News Releases

News Release - Manitoba

November 4, 2022


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Investment Supports Ongoing Efforts to Make Communities Safe: Stefanson, Squires

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BRANDON—As part of the Manitoba government’s multi-faceted approach to improve public safety and the health and well-being of those most vulnerable, the province is providing more than $150,000 to Samaritan House’s Safe and Warm Shelter to operate an overflow warming space this winter to meet increased demand for emergency housing, Premier Heather Stefanson and Families Minister Rochelle Squires announced here today.

“Today’s announcement builds on our ongoing efforts to help make communities safe by addressing and preventing homelessness with new investments for community organizations that support our most vulnerable citizens,” said Stefanson. “We recognize there is an urgent need for additional support. We are listening and we are acting.”

Samaritan House provides emergency shelter services for people experiencing homelessness in Brandon, and provides bedding, food and toiletries. The new funding will enable Samaritan House to create a warming space where individuals can stay when the shelter is at capacity, ensuring that everyone has a safe place to spend the night, the premier said.

“Our government understands that as winter approaches, unhoused individuals in Manitoba face increased risk due to lack of appropriate shelter,” said Squires. “The funding announced today will ensure Samaritan House’s Safe and Warm Shelter in Brandon will not have to turn anyone away.”

Use of the shelter fluctuates seasonally, the minister said, with more people accessing services in fall and winter. In the last two years, the shelter served 200 individuals annually and averaged 30 people each night in fall and winter months. In the first nine months of 2022, the shelter served 400 individuals, with demand surging to 50 to 60 people per night, the minister noted.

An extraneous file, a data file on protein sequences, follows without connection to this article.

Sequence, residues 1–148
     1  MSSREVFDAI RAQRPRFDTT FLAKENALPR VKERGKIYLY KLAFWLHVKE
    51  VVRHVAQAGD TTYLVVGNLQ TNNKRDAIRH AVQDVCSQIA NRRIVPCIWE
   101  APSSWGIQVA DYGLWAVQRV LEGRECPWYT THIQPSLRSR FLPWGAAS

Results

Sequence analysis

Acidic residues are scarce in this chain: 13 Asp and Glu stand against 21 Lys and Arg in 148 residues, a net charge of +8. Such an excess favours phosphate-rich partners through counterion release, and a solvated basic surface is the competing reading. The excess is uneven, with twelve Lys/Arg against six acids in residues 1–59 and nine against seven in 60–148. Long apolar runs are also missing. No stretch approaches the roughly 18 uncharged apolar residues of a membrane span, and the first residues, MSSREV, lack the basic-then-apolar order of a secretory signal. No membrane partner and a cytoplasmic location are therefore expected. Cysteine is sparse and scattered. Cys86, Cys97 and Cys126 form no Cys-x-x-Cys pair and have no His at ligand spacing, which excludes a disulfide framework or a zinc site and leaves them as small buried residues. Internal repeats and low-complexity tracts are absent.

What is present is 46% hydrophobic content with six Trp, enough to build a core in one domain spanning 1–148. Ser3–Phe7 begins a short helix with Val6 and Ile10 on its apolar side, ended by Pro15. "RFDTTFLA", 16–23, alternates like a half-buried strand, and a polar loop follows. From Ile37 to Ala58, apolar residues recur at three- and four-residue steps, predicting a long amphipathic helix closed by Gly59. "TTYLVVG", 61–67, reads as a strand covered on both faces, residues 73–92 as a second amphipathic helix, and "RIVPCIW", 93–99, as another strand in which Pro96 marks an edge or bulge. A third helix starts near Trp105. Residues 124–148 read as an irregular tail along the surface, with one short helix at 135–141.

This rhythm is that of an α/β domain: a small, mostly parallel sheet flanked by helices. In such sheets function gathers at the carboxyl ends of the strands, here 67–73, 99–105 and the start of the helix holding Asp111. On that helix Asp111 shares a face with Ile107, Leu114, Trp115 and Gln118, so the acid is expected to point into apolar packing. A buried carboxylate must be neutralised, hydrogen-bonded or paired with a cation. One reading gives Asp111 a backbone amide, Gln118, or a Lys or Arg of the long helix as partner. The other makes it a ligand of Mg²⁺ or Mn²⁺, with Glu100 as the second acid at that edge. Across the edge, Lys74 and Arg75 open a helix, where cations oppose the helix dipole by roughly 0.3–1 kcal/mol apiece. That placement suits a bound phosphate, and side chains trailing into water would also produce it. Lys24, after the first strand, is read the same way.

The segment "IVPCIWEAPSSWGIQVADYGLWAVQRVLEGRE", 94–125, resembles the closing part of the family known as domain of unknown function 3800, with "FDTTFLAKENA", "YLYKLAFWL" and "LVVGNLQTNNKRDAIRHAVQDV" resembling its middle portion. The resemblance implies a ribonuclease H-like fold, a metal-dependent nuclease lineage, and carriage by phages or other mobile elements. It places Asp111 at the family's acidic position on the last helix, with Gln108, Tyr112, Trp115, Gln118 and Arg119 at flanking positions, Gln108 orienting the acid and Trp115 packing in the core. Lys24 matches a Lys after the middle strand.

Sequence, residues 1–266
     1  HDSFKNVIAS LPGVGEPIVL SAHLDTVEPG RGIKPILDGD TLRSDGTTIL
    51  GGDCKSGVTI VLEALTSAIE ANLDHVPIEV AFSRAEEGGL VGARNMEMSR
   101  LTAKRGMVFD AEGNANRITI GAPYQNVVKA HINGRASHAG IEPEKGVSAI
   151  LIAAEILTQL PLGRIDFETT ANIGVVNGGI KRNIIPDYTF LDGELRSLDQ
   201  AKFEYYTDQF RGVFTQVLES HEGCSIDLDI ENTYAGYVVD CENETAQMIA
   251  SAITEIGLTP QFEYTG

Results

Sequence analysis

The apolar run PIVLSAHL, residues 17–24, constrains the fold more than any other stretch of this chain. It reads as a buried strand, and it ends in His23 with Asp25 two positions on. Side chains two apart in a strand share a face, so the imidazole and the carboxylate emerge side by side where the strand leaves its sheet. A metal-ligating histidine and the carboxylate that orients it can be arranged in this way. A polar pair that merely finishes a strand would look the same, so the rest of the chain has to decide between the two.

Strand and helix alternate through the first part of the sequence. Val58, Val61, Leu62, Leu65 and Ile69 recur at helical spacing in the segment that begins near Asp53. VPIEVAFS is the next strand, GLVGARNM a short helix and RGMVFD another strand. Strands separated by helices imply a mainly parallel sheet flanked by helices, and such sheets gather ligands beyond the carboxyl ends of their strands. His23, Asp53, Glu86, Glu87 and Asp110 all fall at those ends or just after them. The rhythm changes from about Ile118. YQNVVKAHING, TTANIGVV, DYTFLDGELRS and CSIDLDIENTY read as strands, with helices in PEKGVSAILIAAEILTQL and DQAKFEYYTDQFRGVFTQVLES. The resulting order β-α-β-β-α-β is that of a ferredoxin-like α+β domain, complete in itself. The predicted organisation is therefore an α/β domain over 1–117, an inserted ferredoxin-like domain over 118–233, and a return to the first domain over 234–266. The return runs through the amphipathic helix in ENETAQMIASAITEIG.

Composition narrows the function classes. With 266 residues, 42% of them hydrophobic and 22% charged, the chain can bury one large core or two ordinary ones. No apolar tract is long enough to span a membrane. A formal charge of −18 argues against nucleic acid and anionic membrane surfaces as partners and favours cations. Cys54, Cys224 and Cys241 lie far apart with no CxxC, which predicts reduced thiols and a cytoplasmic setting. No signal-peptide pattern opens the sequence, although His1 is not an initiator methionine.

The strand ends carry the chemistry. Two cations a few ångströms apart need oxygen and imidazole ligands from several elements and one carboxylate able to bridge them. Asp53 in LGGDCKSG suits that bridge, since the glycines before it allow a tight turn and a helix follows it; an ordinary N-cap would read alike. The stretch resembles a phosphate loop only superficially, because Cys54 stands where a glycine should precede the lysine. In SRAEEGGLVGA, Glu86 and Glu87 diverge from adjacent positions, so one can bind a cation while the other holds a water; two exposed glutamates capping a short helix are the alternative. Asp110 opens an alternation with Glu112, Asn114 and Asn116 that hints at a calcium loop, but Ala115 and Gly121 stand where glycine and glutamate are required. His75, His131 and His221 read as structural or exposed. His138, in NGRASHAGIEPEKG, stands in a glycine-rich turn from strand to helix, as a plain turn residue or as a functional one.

“The Safe and Warm Shelter is at capacity most nights and with this funding we can work with others to provide the extra overflow needed to ensure there is a warm place for people to be when we have reached our limit,” said Barbara McNish, executive director, Samaritan House. “We are thankful for this funding so that we can offer a needed warming space and ensure that people in our community have a safe spot to escape the cold this winter.”

The funding builds on the $9-million investment in annual funding rates to shelters, transitional housing services and homeless outreach mentors announced earlier this week. Samaritan House funding will increase to $501,875 from $172,000. Additionally, the Community Health and Housing Association will benefit from an annual funding increase to $184,800 from $25,500. This investment will support the association’s existing half-time homeless outreach mentor and support the addition of two and a half new positions, for a total of three homeless outreach mentors in Brandon.

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